What’s on the menu at Lardo, Little Italy’s new spot for Italian groceries, sandwiches and wine

What’s on the menu at Lardo, Little Italy’s new spot for Italian groceries, sandwiches and wine

And coming soon: dinner service

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Name: Lardo
Contact: 970 College St., lardo.ca, @lardo_carnevino
Neighbourhood: Little Italy
Owners: Gianpaolo “GP” Testa, Tenma Testa
Accessibility: Fully accessible
GP Testa isn’t a chef, but he’s been chef-adjacent for a long time, working the bar at spots like Campagnolo, Bestellen and La Société (RIP) before trying his hand at the trades. That move was pre-pandemic, but the siren song of the industry called GP back, and he started working private events at the tail end of 2021. Around then, he had a fortuitous coffee date with chef Rob Rossi, who mentioned that the space next door to Giuletta was going up for rent.

On a whim, he signed the lease a day before leaving for a brief Italian sojourn. When in Rome, he did as the Romans do and wandered into a shop brimming with cheese, salumi and wine—and a concept began to take shape. The result, a few iterations later, is Lardo: a sandwich shop, deli and soon-to-be wine bar rolled into one.

Related: Cucina Mauro, a cozy Italian lunch counter tucked away in a North York industrial plaza

With the rising cost of, well, everything, genre-straddling spots are an increasingly popular option—with multiple revenue streams and one-stop-shop convenience, it’s a good deal for proprietor and customer alike. “It’s everything you want to get yourself in the mood to go home and cook, and much of what you need to do so,” says Tenma, GP’s partner in business and in life.

Tenma (left) and GP Testa
The food

Right now, Lardo’s focus is on daytime offerings, but the menu will soon expand to include shareable dinner plates. The plan is to transition into a full-fledged wine bar in the evenings. “This space will transform as we grow into ourselves,” says GP. The current daytime menu mostly consists of a rotating selection of simple, beautifully executed sandwiches, like one piled with mortadella, endive, plenty of Piave cheese and house-made giardiniera on a fluffy Portuguese bun. (Italian purists may balk at the bread choice, but GP heartily defends its honour, calling it an ideal sandwich bread.) On the retail side, there’s a small selection of quality meats—including Wagyu hot dogs—as well as cheeses and pantry staples, like olives and sauces.

GP slicing mortadella in the rear production area


And cutting the rind off a fresh block of Piave cheese, destined for a mortadella sandwich. Think parmesan, but more tender and easier to eat in greater quantities


Spreading some house-made giardiniera of pickled celery, carrot and onion on a mortadella sandwich. It’s based on a Testa family recipe


A gloriously simple mortadella sandwich—just a pile of thinly shaved meat, many slices of Piave cheese, some endive for crunch and giardiniera. $16


This is the prosciutto crudo sandwich, loaded with 24-month-aged prosciutto, stretchy stracciatella cheese and arugula dressed with a touch of good olive oil and seasoned with salt and pepper. $16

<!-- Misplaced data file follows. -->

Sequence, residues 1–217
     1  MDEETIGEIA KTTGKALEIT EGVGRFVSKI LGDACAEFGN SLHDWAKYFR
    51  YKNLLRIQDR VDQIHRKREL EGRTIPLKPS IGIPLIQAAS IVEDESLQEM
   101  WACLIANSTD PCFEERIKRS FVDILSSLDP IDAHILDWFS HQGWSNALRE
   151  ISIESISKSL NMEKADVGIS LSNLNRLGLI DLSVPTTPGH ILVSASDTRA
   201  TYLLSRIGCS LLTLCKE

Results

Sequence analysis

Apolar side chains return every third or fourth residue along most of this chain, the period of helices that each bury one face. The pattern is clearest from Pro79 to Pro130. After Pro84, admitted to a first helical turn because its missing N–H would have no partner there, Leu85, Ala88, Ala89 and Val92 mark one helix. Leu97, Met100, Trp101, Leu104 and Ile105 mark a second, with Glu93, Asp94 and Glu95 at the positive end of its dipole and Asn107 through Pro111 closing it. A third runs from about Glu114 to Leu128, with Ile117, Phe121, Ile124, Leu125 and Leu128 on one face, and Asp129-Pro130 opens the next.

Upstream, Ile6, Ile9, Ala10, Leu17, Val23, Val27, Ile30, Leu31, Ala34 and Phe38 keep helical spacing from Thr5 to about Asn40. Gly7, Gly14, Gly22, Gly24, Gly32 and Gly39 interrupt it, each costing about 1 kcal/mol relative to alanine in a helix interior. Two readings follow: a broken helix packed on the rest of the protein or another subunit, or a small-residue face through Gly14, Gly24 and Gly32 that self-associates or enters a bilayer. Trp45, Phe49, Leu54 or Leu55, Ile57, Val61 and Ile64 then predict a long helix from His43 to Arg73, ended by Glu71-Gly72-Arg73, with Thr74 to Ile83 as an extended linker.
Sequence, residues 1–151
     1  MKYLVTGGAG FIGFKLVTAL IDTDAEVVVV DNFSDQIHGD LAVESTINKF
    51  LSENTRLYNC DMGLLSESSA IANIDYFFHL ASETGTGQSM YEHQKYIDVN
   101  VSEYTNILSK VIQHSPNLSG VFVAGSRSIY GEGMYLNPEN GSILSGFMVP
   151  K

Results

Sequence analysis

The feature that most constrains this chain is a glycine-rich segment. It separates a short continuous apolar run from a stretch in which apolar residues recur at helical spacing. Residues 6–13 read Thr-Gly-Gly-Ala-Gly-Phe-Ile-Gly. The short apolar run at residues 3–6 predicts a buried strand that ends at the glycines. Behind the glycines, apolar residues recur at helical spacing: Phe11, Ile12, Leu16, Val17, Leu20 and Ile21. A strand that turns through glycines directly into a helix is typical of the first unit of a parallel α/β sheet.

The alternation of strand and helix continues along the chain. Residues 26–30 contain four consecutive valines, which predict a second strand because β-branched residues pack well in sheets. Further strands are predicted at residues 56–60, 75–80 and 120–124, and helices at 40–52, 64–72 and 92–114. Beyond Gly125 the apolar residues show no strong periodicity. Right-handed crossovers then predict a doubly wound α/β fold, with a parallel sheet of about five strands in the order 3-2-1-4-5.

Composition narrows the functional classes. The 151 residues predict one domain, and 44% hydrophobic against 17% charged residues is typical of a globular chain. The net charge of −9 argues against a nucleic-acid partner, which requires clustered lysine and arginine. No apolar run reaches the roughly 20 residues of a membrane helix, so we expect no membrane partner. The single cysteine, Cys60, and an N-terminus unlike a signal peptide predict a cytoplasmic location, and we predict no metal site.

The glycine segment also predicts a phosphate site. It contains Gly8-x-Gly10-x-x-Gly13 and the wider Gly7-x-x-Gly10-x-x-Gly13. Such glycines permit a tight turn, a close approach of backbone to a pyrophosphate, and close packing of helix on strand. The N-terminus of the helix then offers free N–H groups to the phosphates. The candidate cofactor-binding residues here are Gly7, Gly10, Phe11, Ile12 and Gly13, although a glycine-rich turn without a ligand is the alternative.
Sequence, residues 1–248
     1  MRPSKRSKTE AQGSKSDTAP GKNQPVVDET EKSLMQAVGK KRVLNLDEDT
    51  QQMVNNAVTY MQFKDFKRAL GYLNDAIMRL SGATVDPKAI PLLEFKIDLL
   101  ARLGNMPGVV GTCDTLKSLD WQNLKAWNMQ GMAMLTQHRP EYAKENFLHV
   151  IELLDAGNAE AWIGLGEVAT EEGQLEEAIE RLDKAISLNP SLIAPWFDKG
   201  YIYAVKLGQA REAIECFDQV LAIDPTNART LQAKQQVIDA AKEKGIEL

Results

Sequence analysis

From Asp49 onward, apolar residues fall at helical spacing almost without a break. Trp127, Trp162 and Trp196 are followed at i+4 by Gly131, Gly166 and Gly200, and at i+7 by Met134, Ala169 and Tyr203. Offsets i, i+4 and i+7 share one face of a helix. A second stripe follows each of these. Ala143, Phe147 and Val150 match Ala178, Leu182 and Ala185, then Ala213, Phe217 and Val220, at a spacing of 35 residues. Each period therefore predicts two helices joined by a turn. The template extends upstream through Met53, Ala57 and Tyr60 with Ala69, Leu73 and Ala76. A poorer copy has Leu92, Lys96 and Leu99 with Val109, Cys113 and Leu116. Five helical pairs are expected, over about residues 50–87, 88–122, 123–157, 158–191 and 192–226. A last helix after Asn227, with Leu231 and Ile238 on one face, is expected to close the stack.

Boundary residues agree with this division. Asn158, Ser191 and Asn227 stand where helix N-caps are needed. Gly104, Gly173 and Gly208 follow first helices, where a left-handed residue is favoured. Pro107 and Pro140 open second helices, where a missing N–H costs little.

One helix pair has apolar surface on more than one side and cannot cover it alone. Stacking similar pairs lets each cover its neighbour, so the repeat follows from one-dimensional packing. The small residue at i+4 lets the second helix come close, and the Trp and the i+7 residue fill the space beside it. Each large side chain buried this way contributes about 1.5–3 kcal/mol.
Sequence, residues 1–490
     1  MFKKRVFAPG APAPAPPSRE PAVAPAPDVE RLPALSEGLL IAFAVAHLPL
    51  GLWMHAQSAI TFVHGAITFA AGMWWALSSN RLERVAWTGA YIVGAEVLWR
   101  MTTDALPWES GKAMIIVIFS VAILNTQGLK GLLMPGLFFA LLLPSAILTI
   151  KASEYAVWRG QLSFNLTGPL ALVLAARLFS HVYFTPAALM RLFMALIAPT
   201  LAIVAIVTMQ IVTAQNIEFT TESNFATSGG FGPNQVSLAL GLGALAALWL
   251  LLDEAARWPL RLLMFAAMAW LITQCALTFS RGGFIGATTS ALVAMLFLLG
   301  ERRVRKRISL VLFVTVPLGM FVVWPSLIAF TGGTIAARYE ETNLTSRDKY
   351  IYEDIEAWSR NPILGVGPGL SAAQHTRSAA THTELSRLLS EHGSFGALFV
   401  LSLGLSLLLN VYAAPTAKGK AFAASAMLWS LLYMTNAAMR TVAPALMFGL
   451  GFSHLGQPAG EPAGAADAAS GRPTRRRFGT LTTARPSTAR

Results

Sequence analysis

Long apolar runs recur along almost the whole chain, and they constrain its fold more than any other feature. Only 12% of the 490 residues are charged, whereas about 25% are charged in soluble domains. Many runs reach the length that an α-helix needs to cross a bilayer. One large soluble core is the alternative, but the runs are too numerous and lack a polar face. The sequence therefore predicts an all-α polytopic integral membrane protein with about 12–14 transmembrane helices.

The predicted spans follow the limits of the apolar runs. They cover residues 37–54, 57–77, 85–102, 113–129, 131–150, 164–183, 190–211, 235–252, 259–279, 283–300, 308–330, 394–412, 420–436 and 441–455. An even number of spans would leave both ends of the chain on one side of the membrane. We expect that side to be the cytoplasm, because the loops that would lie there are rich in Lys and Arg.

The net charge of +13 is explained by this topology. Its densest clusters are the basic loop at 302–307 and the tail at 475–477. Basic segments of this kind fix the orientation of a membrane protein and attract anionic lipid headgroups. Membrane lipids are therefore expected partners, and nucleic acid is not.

A stack of classic caprese sandwiches, stuffed with fior di latte, firm but juicy Kumato tomatoes, house-made pesto and basil. Anyone who normally avoids pesto because of a nut allergy is in luck—GP is also allergic to nuts, so he leaves them out of his version. $19


Warm, house-marinated olives with orange, lemon and fennel. $9


Here we have a salad of arugula, radicchio, endive and shaved parmesan. $15


A few desserts are brought in from Rustic Bakery: tiramisu in an edible chocolate cup ($4.50), cream-filled sfogliatelle ($4) and classic ricotta-filled cannoli ($3)


A selection of pantry staples for a solid pasta night, including a tremendously delicious white truffle oil


Eggs from a farm near Caledon so small that it doesn’t even have a name. How charming are all the different sizes?


Lardo stocks a tight rotating selection of butcher favourites. The Wagyu dogs are a mainstay, as are burgers made from aged brisket, aged striploin and chuck
The drinks

Robust and full-bodied Trucillo Grand Bar coffee underpins the coffee menu—think espresso, cappuccino and other such classic offerings. There’s (mostly Italian) wine, available by the glass and the bottle, and a few solid cocktails, including a delightful sbagliato, last year’s trendiest cocktail. There’s also Brio (which is actually made in Toronto), a few Italian beers, and specialty liquor and canned spritzes from local brands like Cicchetto (which is also made in Toronto) and PEC’s Wilda.

A perfect cappuccino made with Trucillo Grand Bar beans. $5


A few of the whites currently on offer


And the reds, including some heavy-hitting barolos


In English, the word Sbagliato translates to something like “wrong” or “mistake.” So, essentially, a negroni sbagliato is a riff on a negroni made with red vermouth, Campari, and prosecco (instead of gin). $13


This is a classic Aperol spritz, made a little more special with the inclusion of Barone Ciani Bassetti Prosecco Brut, a super-dry bottle made with 100-percent glera grapes, an indigenous varietal from Italy’s Veneto region. (A lot of prosecco on the shelves these days is made with a blend of leftover grapes and a bunch of sugar.) $13


A stack of specialty tipples, including artisanal limoncello from Toronto’s own Cicchetto and low-ABV spritzers from PEC’s Wilda
The space

Lardo consists of a neat sun-drenched storefront with a few counter seats, opening into a dining area along a wall of exposed brick. The plan is to bring in harvest-table seating as the dinner menu rolls out. In the back, there’s a production area complete with a hefty butcher block and a commercial meat slicer. The finishings are all earth tones, wood and granite—clean, unassuming choices that affirm the menu’s ethos of uncomplicated quality.